- Finally, format the output using things like
unlines, and so on.
Idiomatic Haskell uses the composition operator
(.) to combine functions. However, when solving competitive programming problems, I much prefer to use the reverse composition operator,
Control.Arrow (that is,
(>>>) = flip (.)). The reason is that since I often end up constructing long function pipelines, I want to be able to think about the process of transforming input to output and type from left to right at the same time; having to add functions from right to left would be tedious.
A Full Solution
So here’s my solution to A Different Problem:
main = interact $ lines >>> map (words >>> map read >>> solve >>> show) >>> unlines solve :: [Integer] -> Integer solve [a,b] = abs (a - b)
A few notes:
- Since each line is to be processed independently, notice how I put the processing of each line inside a single call to
- We could probably inline the
solvefunction in this case, but I prefer to split it out explicitly in order to specify its type, which both prevents problems with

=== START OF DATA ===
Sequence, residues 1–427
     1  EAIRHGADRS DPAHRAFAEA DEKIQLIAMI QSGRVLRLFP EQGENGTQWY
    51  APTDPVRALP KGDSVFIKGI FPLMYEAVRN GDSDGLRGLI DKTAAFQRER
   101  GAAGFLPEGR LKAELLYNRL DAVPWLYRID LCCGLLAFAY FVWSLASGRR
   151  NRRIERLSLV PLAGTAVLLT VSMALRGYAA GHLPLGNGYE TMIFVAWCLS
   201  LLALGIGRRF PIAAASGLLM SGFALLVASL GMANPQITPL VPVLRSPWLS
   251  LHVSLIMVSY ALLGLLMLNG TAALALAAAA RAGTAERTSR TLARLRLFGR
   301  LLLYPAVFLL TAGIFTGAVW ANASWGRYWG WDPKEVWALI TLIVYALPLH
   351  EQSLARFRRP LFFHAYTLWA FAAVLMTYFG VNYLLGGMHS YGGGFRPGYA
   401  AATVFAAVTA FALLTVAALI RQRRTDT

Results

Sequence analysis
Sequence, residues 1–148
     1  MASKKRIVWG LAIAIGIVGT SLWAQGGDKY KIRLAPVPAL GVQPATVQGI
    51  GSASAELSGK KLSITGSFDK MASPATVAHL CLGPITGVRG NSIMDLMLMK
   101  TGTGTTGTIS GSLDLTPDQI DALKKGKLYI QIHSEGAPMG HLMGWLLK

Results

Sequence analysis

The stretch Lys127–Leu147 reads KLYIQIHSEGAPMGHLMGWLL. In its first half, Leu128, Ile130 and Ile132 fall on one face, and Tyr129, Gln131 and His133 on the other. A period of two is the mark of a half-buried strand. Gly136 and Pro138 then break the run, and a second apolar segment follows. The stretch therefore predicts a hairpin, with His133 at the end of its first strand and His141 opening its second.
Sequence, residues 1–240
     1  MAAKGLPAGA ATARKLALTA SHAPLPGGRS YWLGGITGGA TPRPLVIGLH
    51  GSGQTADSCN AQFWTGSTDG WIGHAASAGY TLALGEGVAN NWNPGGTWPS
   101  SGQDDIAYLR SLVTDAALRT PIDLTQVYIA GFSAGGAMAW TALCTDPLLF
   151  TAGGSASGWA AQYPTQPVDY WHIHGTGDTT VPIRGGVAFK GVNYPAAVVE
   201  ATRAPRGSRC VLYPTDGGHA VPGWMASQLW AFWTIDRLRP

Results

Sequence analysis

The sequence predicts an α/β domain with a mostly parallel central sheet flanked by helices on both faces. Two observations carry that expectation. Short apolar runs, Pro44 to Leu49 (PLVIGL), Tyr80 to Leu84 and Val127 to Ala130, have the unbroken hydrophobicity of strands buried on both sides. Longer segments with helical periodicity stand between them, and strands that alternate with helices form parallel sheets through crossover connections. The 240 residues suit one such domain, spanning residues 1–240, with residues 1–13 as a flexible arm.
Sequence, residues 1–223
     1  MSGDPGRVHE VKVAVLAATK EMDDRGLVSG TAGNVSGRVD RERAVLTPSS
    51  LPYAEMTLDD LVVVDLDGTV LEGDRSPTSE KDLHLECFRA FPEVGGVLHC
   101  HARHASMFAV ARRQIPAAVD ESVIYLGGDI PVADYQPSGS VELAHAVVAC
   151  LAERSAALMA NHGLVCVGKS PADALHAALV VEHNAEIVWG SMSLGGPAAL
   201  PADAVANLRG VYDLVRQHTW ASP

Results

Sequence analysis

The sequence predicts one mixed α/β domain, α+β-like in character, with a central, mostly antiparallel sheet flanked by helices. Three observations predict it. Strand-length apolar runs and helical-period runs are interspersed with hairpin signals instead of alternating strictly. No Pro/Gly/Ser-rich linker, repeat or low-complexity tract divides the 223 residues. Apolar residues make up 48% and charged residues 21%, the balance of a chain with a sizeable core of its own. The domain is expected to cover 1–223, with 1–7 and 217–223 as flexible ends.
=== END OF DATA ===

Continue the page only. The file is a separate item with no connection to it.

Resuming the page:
showambiguity and also serves as a sanity check on the parsing and formatting code.
- The machines on which our solution will run definitely have 64-bit architectures, so we could technically get away with using
maxBound :: Int64is a bit more than , plenty big enough for inputs up to ), but there would be no benefit to doing so. If we use
Integerwe don’t even have to consider potential problems with overflow.
And one last thing: I said we were going to parse the input into a “semantically meaningful representation”, but I lied a teensy bit: the problem says we are going to get a pair of integers but I wrote my
solve function as though it takes a list of integers. And even worse, my
solve function is partial! Why did I do that?
The fact is that I almost never use actual Haskell tuples in my solutions, because they are too awkward and inconvenient. Representing homogeneous tuples as Haskell lists of a certain known length allows us to read and process “tuples” using standard functions like
map, to combine them using
zipWith, and so on. And since we get to assume that the input always precisely follows the specification—which will never change—this is one of the few situations where, in my opinion, we are fully justified in writing partial functions like this if it makes the code easier to write. So I always represent homogeneous tuples as lists and just pattern match on lists of the appropriate (known) length. (If I need heterogeneous tuples, on the other hand, I create an appropriate
Of course I’ve only scratched the surface here—I’ll have a lot more to say in future posts—but this should be enough to get you started! I’ll leave you with a few very easy problems, which can each be done with just a few lines of Haskell:
Of course you can also try solving any of the other problems (as of this writing, over 2400 of them!) on Kattis as well.